The SBA Opened Grants to Music Venues. No One Could Apply - Rolling Stone
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The U.S. Offered Up $16 Billion to Venues. No One Could Apply

The Small Business Administration’s grant site for music and arts venues crashed within hours, with no reopening date in sight. “The financial hole we are all digging to stay afloat is getting deeper by the day,” says one venue owner

Microphone on stage against a background of auditoriumMicrophone on stage against a background of auditorium

"Every time you think there's a light at the end of the tunnel, something gets destroyed in the last minute."


UPDATE (4/9): The Small Business Administration said Friday evening that the Shuttered Venue Operators Grant portal was still “temporarily suspended” and would remain so through the weekend as technical issues were resolved. A re-launch date was not announced, with the SBA adding, “When a reopening date is determined, we’ll provide updates in advance so that applicants have time to prepare.”


They got a glimpse of hope — and then it was right back to the usual frustration. Over a year after Covid-19 brought live entertainment to a halt, and 102 days after desperately-needed funding was finally approved in a stimulus bill, American venue owners were left staring at 404 error messages as the Small Business Administration’s (SBA) grant portal opened, then quickly closed, yesterday.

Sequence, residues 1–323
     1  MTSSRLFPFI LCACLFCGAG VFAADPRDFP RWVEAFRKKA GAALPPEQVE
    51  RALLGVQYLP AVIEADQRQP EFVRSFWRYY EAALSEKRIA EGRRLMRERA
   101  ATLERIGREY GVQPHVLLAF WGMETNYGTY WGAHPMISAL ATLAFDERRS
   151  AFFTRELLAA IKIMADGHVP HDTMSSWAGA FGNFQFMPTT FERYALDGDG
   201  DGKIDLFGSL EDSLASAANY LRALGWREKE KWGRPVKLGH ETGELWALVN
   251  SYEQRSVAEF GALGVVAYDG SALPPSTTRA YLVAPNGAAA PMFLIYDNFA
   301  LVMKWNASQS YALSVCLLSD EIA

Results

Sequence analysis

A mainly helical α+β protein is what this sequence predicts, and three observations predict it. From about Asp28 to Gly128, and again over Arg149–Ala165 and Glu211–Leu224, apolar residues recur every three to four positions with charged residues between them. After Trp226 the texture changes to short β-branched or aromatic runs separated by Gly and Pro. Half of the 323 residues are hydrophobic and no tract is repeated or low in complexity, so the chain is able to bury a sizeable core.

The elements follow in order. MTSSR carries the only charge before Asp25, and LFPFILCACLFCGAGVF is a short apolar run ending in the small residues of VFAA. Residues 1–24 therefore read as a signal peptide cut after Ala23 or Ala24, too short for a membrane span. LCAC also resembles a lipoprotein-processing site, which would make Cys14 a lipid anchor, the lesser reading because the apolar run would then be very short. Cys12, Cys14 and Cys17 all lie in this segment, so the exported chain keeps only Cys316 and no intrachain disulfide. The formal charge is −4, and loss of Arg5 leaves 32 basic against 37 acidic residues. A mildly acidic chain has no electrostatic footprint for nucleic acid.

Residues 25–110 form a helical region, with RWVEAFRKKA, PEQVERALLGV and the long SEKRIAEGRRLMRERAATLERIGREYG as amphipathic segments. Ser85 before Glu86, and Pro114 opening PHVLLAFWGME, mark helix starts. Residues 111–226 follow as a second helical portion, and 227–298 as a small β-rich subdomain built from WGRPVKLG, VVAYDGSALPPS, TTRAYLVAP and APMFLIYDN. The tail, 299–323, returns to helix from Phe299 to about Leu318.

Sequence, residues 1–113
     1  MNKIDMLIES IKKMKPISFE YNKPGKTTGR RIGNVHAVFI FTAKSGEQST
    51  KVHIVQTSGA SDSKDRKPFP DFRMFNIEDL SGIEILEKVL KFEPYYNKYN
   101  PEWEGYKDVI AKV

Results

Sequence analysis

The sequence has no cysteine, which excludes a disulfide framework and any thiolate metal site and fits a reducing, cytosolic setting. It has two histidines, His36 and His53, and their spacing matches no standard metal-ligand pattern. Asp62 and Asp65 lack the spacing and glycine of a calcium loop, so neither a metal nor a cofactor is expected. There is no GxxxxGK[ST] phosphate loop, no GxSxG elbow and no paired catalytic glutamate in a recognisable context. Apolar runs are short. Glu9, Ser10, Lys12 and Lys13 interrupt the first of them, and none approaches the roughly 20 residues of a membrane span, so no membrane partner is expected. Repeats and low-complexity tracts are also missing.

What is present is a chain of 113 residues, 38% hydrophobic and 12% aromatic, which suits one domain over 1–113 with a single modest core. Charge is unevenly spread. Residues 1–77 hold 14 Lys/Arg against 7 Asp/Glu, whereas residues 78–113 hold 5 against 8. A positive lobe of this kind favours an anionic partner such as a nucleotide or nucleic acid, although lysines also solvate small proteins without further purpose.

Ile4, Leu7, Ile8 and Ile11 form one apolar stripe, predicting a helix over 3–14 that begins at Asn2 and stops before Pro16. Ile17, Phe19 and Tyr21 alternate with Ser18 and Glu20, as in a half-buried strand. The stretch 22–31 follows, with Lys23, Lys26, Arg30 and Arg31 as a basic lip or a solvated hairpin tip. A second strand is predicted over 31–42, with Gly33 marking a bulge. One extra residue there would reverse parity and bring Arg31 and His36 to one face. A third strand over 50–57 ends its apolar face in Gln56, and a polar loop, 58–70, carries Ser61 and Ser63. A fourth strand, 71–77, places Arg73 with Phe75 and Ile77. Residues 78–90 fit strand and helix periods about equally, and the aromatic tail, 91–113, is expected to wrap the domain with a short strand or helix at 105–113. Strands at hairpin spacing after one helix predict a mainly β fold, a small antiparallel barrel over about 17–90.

The Shuttered Venue Operators Grant application site, which is supposed to help music and arts venues ask for $16 billion in federal aid, opened at 12 p.m. ET on April 8th. By 4:15 p.m. ET, it had been shut down. The chaos was not dissimilar to the fiasco that befell the government’s wider Paycheck Protection Program, which crashed under a deluge of applicants upon its launch last April.

“It just adds on to the fucked situation that we’ve been in this whole year. It’s typical at this point,” says Mikeal Maglieri, president of the Los Angeles concert hall Whisky a Go Go, which is one of thousands of U.S. venues hanging in financial limbo. “Every time you think there’s a light at the end of the tunnel, something gets destroyed in the last minute.”

In a statement yesterday, an SBA spokesperson said that “technical issues arose despite multiple successful tests of the application process.” The decision to shut down the portal was “not made lightly, as we understand the need to get relief quickly to this hard-hit industry,” the spokesperson said. SBA head Isabella Casillas Guzman added in her own statement (via NPR) that the organization is “committed to moving as quickly as possible to deliver this vital funding effectively and equitably.”

Because the grants are open to the operators of concert venues, museums, theaters, movie theaters and more, it’s likely the portal was completely overwhelmed by a crush of applications coming in all at once. (While the program established priority tiers to ensure hardest-hit venues got funding first, all applicants, regardless of tier, were invited to submit applications yesterday.) But the SBA has yet to announce when the site will reopen.